The Vampire Diaries (L. J. Smith)

The Vampire Diaries are a young adult vampire series consisting of four books (plus a connecting series The Vampire Diaries: The Return) by L. J. Smith. The books are The Awakening, The Struggle, The Fury and Dark Reunion.

Plot:
Elena is the queen of High School. After the death of her parents and summer abroad, she returns to her senior year – and there’s a distractingly good looking new student, Stefan. Elena wants him, and everybody wants Elena – except Stefan.
Well, turns out Stefan is a vampire, has a very problematic brother – Damon – who he hates (and vice versa) and something dark’s threatening the town of Fell’s Church. Only Elena, caught between the two brothers, and her friends can put a stop to it.

The books are quick reads – I read all four in 2 days – but their merit (literary or otherwise) is disputable. I have to admit that I continued reading after the first book because I still cared, but after the first half of book 2, it was more my ambition to finish four books in one weekend that kept me reading than the books themselves.

awakeningstrugglefurydarkreunion

[SPOILERS]

Stephenie Meyer seems to have heavily borrowed from L. J. Smith. The first half of the first book is “why doesn’t he look at me – why does she smell so good – I need to have him – I need to eat her” etc. etc. Except that this time it was European History instead of Biology Class. Then the books go in different directions with the most notable distinction of the Vampire Diaries having an actual plot.

The characters are mostly good, if nothing new. Stefan is the epitome of the brooding immortal with killing problems, Damon is the bad boy who isn’t actually bad, he’s only really very hurt and therefore acts tough. Meredith is the ironic, controlled best friend who hides her family’s past and Bonnie is the bubbly best friend, who has psychic powers and a unique outlook on life (that borders on the manic). Matt is always nice, even though he’s a star athelete because he’s actually poor and really needs the scholarship.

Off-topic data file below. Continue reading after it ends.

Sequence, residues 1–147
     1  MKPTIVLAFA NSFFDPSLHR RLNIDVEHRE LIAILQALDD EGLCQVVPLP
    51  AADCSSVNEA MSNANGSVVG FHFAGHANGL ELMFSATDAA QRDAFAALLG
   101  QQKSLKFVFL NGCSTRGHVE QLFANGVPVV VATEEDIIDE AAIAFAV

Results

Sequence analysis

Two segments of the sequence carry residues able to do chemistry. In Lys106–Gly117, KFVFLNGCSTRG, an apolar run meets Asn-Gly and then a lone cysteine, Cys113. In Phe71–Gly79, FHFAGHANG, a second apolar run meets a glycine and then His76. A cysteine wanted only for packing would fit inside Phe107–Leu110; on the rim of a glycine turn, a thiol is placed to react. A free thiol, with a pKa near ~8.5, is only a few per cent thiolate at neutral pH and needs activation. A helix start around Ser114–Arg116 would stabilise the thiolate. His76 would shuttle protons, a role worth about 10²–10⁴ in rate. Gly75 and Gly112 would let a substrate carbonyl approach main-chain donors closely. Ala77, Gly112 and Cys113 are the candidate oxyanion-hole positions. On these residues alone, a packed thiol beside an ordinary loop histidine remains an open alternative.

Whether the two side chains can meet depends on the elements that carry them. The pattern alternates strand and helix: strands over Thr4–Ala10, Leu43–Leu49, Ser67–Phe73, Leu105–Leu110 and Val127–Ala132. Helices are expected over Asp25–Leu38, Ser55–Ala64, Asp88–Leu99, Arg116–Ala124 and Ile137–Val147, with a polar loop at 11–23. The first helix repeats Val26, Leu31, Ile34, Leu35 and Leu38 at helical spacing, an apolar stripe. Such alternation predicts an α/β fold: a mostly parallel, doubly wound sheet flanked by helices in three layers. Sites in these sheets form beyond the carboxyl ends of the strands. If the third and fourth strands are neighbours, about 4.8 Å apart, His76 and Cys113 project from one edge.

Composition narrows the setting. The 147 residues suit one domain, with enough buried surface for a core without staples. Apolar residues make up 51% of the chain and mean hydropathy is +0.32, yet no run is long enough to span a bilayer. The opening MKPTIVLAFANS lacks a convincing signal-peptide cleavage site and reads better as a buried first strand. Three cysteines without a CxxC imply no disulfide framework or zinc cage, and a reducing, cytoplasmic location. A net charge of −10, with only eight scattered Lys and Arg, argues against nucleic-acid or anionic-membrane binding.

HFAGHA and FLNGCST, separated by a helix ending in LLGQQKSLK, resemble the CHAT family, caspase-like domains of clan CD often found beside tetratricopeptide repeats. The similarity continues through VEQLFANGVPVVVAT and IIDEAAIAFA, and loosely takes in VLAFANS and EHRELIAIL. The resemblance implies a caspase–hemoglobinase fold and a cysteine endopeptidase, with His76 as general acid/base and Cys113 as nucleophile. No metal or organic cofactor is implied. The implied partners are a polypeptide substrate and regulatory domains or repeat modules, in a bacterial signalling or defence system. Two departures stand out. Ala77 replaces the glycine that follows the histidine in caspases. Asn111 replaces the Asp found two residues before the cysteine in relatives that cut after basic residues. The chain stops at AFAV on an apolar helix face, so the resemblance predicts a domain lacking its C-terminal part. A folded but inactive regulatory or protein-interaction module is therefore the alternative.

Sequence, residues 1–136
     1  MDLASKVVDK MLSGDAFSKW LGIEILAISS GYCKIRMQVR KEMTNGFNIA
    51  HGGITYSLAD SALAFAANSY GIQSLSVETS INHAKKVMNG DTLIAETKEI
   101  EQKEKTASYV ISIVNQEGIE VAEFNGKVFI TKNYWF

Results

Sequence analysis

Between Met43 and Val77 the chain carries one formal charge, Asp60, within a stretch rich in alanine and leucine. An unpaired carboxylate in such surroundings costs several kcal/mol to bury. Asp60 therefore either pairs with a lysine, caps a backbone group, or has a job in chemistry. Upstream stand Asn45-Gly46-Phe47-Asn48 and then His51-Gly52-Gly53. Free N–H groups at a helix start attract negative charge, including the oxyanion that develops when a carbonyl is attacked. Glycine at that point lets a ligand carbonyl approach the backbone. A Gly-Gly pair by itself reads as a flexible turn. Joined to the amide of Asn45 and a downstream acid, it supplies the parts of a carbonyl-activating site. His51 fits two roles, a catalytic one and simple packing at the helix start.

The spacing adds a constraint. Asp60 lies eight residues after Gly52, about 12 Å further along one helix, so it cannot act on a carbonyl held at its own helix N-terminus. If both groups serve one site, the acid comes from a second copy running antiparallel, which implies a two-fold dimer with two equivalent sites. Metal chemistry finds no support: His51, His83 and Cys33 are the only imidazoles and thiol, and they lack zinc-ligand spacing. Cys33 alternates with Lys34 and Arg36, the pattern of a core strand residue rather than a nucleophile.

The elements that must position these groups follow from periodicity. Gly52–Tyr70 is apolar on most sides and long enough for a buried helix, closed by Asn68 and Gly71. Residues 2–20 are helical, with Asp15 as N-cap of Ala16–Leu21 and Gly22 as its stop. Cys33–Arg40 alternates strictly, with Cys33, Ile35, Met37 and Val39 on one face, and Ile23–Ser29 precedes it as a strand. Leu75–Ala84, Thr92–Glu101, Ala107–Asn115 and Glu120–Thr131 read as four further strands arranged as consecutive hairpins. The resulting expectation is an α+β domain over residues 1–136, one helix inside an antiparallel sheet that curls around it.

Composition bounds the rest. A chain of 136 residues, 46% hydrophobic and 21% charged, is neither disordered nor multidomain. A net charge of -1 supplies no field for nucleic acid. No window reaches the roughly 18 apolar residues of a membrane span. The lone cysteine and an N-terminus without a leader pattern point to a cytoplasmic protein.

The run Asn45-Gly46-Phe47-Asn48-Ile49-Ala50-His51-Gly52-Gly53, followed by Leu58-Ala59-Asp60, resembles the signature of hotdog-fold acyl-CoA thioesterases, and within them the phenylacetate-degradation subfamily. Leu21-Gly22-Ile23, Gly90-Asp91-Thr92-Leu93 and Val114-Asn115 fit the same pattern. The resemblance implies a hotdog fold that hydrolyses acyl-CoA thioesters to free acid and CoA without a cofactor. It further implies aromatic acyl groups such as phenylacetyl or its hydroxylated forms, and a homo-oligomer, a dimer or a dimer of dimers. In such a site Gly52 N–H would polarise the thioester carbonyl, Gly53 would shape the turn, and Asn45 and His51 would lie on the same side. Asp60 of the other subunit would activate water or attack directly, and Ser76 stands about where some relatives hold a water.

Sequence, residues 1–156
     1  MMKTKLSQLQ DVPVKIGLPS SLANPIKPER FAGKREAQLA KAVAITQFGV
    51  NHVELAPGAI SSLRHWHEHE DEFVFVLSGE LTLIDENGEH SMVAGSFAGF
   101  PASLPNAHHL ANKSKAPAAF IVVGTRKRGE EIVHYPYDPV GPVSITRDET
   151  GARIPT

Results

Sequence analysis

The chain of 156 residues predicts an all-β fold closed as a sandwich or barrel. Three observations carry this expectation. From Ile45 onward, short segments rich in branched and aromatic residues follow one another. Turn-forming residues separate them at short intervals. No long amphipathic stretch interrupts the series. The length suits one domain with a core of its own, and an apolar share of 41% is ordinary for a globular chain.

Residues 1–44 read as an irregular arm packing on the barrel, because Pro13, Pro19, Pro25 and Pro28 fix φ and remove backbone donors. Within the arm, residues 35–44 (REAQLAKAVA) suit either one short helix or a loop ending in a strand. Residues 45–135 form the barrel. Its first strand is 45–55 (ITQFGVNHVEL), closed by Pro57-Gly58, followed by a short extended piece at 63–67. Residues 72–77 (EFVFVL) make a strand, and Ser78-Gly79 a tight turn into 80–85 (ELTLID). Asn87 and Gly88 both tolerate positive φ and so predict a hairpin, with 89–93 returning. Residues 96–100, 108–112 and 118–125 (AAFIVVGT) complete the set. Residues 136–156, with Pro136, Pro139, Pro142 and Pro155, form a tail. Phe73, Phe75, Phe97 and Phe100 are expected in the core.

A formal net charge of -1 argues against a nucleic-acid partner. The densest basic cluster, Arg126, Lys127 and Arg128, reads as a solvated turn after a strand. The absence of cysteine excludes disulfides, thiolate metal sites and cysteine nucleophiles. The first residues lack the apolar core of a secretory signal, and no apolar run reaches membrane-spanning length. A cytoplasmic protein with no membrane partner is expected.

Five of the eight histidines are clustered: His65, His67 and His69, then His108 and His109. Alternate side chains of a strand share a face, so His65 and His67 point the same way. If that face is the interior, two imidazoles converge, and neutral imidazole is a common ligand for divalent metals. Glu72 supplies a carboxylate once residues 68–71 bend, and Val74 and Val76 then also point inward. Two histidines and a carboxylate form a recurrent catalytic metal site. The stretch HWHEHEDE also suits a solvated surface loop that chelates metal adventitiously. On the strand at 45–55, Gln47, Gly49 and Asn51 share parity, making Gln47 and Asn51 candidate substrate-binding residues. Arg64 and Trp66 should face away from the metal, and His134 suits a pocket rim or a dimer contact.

Well, you know the types.

But I really had my problems with Elena. She’s just so perfect. I mean, sure, she’s a little on the selfish and bossy side, but nothing too bad. And by the end of Book Three, she even gives that up, sacrifices herself for the brothers, thus reaching saint-hood. [Which – among other things – also made me grit my feminist teeth, so to speak.]

Interestingly enough, L. J. Smith meant to end it there, but finally gave in to fan-pressure and wrote the fourth book, which is different in tone and style and topic, has an over-the-top Happy Ending and probably had better stayed unwritten.

The love triangle is about as triangular as the one in Twilight, with the revelation that there might be the chance of something more than friendship between Elena and Damon coming so suddenly that I actually read it three times before I believed my eyes, but also going as suddenly.

I really can’t imagine where L. J. Smith is going with her continuing the series (the first book in The Vampire Diaries: The Return just came out in Febuary), so I’m almost tempted to pick it up. Almost. Maybe in half a year or so.

Anyways, recommended only if you are especially interested in young adult (read chaste) vampire stories and love triangles where the outcome is obvious from the very beginning. [And don’t read book four.]

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4 thoughts on “The Vampire Diaries (L. J. Smith)

  1. i reed all 6 books and i liked it. couldnt take my eyes of it n im not a teenager im mid age. the romance is catchy and its lovely book. i would recomend it to everyone

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